The PUNCH reports that Nigeria has dropped from Africa’s top 10 investment destinations to 14 as Egypt remains the number one nation.
This is according to a report by RMB titled, ‘Where to Invest in Africa 2021.’
According to RMB, a division of FirstRand Bank Limited, the ranking is based on countries operating environments.
RMB Africa Economist, Daniel Kavishe, said the pandemic ushered a new world and a new approach to this year’s list.
Kavishe said, “We created a new set of rankings that incorporated some of the unavoidable COVID-19-induced challenges, of which the operating environment score was one.”
According to him, fiscal scores are important indicators of how governments respond to COVID-19.
He said, “The inclusion of a fiscal score in our rankings aimed to score governments’ fiscal positions and provided a basis from which investors can understand specific jurisdictions.
“Although the pandemic brought devastation, it also enabled opportunities for reimagining policies and trade relationships. Increasingly clear now is that home-grown strategies to tackle poverty, inequality and unemployment across Africa must be implemented. If not, all of Africa suffers.”
According to him, capital will flow naturally to economies offering a good mix of opportunity and ease of doing business.
According to the company, the top 10 African countries to invest in are Egypt, Morocco, South Africa, Rwanda; Botswana, Ghana, Mauritius, Côte d’Ivoire, Kenya and Tanzania.
The company ranked Nigeria outside the top 10 at number 14.
The company said, “The sheer size of Nigeria’s economy and large population base has undoubtedly aided the country’s economic environment and has led to an increase in investments in the economy over the past 10 years.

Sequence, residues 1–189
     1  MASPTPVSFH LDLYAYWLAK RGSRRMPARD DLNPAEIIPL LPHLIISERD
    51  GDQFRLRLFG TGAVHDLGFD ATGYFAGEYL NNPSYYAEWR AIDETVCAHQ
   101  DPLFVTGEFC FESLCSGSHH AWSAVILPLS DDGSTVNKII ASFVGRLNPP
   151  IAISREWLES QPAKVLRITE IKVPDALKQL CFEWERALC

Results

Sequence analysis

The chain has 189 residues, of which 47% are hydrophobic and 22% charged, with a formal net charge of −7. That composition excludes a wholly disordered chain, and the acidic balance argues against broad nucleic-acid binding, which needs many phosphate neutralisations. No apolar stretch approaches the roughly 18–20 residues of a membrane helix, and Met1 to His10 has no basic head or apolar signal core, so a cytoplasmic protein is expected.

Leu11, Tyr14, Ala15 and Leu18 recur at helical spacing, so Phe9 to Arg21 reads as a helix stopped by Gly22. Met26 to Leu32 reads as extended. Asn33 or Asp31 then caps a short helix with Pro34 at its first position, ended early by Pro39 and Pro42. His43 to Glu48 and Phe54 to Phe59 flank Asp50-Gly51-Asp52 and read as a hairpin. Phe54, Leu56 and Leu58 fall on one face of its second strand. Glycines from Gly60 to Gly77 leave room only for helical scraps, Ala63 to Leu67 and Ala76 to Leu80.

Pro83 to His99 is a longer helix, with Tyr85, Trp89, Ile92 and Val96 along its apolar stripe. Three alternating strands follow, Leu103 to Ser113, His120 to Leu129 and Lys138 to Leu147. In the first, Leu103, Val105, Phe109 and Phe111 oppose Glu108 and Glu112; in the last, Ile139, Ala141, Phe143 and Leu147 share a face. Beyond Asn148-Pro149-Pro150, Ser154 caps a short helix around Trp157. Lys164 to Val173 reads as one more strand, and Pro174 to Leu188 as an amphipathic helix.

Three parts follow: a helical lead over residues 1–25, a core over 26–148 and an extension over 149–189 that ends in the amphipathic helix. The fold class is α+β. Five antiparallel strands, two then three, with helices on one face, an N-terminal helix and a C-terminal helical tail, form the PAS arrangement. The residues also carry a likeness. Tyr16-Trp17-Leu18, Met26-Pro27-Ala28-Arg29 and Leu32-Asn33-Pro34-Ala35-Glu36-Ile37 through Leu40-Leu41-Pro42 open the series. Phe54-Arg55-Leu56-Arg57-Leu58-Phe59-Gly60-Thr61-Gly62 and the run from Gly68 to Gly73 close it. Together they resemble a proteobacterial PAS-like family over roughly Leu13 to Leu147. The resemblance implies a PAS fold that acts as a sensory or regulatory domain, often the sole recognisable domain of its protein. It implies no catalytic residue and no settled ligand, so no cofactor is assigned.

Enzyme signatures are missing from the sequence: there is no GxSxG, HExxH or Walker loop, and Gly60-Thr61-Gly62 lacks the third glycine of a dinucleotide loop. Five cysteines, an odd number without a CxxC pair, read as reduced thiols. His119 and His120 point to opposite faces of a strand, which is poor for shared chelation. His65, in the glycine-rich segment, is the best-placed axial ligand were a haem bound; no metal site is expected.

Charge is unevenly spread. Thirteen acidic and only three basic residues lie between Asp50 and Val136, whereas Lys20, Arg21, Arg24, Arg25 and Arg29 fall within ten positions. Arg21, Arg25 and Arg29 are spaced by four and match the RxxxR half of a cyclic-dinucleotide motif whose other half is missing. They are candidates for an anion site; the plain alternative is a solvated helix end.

“The country boasts significant hydrocarbon resources and considerable agricultural and mining potential. With fiscal support expected to increase and continue over the next few years, given both the coronavirus shock and oil price collapse, the economy is expected to grow but at a slow and steady pace.
“One of the key tenets for its development will be the efforts that have been made to support small and medium enterprises through monetary policy reform. This should support the country’s efforts as it continues its expansion into sectors such as information technology.”
However, the company said Nigeria’s heavy reliance on oil is impacting its economy.
The company said, “Nigeria’s heavy reliance on oil means that the drop in oil prices and production generated by the OPEC+ agreement is strongly impacting the economy. COVID-19 came at a time when the economy was still rebalancing from the drop in oil prices during the 2014 to 2016 period.
“Therefore, a lower drop in reserves, tight liquidity and a weak currency can still be expected. The government, which has been criticised for its slow pace of reform, still faces a myriad of security challenges that destabilise the country, such as the activity of the Islamist terrorist group Boko Haram in the northeast, forcing many people to flee.”
In 2018 and 2019, Nigeria was ranked in the top 10 (eighth in both years).
Although the company added that the nation’s economy was constrained by a weak policy environment and dire infrastructure provision.
According to the company, Nigeria was ranked 13 in 2017, and ranked number six in 2016.
In 2014, Nigeria ranked as number two and dropped to number five in 2015.